Earlier this week, a senior Chinese official called for the government to persist in stamping the so-called “human flesh search.” This practice usually involves an internet user posting a photograph of an unknown person suspected of some illegal or immoral action. From there, the online community can rapidly dig up not only the person’s name, but his or her employer, address, phone number, and other personal details.
In an interview with Global Times (reprinted by People’s Daily), Liu Zhengrong, a senior official at China’s State Internet Information Office, spoke out against human flesh searching. Liu cited the recent case of a young girl who was accused of stealing and targeted by online vigilantes. After having her personal information exposed online, the girl drowned herself. Citing this example, Liu argued that human flesh searches are both immoral and illegal. He called on websites to take responsibility for self-management in order to discover similar activities and shut them down. Liu promised that the government will be vigilant in controlling human flesh searches and other “violent online activities.”
Liu has also made very similar comments regarding the government crackdown on online rumors. In an interview with the Global Times, Liu insisted that the internet cannot be a lawless space — the exact same phrase he used when discussing the need to prevent human flesh searches. He also described online rumors as both illegal and immoral, thus justifying the government’s intervention to prevent them. Finally, in Liu’s estimation, both human flesh searches and online rumors cause two great harms: they infringe upon citizen’s legal rights (including the right to privacy), and they disrupt social order.Enjoying this article? Click here to subscribe for full access. Just $5 a month.
China’s internet management is a subject of much debate in Western media. Generally, the focus is on China’s censorship policies, which mandate that online companies (especially those hosting microblogs) employ small armies of censors to comb through and delete improper postings. However, Liu does have a point when he argues that some internet activity is actively harmful and illegal. Human flesh searches are most famous in Western media for their use in identifying and criticizing corrupt Chinese government officials, which gives these activities a veneer of heroism. Yet this sort of vigilante justice can be exceedingly dangerous.
In the U.S., for example, in the aftermath of the Boston bombings, social media was used to falsely accuse Brown student Sunil Tripathi of being behind the attack. Alexis Madrigal at The Atlantic explored the mistake, calling it a “misinformation disaster.” Two other men who were identified as suspicious by social media commentators found their picture on the front page of the New York Post. In the aftermath, Western media such as the BBC began to explore the role of “crowd sourced investigations,” where internet vigilantes identify suspects and accuse them of crimes. While many experts disapprove of these actions, “there’s nothing you can do about it,” one expert told the BBC. “You can’t lock down the internet.”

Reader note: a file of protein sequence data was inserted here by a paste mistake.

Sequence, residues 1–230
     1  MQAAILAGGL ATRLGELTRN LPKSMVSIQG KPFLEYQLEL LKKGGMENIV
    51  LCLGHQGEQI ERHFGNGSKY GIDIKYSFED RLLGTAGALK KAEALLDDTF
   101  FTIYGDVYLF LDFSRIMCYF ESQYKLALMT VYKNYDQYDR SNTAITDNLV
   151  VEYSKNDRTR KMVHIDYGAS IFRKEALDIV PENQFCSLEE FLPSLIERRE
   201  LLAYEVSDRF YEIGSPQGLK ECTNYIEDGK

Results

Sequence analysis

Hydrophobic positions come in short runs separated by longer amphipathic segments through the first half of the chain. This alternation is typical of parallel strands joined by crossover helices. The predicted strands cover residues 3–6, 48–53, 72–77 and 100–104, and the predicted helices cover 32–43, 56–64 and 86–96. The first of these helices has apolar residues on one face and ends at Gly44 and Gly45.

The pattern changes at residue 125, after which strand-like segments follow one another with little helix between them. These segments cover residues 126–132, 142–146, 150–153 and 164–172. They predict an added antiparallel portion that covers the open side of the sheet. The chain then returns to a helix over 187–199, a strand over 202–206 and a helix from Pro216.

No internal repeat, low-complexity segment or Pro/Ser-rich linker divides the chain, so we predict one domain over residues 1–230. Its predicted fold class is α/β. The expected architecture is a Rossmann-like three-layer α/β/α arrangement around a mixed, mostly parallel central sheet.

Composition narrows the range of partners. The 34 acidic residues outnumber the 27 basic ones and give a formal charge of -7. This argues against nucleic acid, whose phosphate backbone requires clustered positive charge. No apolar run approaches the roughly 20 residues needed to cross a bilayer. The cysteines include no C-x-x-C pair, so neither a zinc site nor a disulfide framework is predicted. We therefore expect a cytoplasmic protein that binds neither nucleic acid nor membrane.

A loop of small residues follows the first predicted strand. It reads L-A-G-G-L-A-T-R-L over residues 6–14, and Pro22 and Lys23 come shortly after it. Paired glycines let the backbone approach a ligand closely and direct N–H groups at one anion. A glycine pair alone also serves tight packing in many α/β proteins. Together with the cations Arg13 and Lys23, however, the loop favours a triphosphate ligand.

China, of course, is trying to do just that. Last year, speaking with China Daily, Liu Zhengrong bragged that in its efforts to crack down on online rumors, the government had removed 210,000 posts and shut down 42 websites from mid-March to mid-April alone. The problem with China’s system that the government has carte blanche to decide what qualifies as a harmful rumor. When asked how officials could tell if someone was intentionally spreading false information, Liu told the Global Times that it is obvious — when someone passes along information that is contrary to common sense, they must have malicious intentions. The Party alone decides what information violates common sense, whether it’s a single candle emoticon posted on the anniversary of the Tiananmen incident or a posting that iodized salt can help prevent radiation poisoning (which caused a run on salt in the aftermath of the Fukushima nuclear disaster in Japan).
For all China’s attempts to control internet activity, human flesh searches and online rumors aren’t going anywhere. Back in September, Chinese officials arrested a 16-year-old student for spreading rumors online. In retaliation, netizens began digging into the lives of local government and police officials. As a result, police chief Bai Yongqiang was reportedly suspended after the online community unearthed an old court document accusing him of bribery. The teenager was released after a week in custody. A teenager accused of spreading rumors being defended by an online human flesh search campaign — that must have really given Liu a headache.
In China, as in the West, there is a wealth of harmful internet activities. Human flesh search engines or crowd-sourced investigations can target and destroy innocent lives. Online rumors can spread like wildfire and be extremely hurtful. Still, Liu’s double emphasis on protecting people’s legal rights and upholding social stability shows the Chinese government’s twin concerns: preventing harm to private citizens, but also preventing online activities from destabilizing China’s government. These two goals, blended together, undermine the government’s credibility on internet management. Netizens can never be sure which taboo their posts have violated.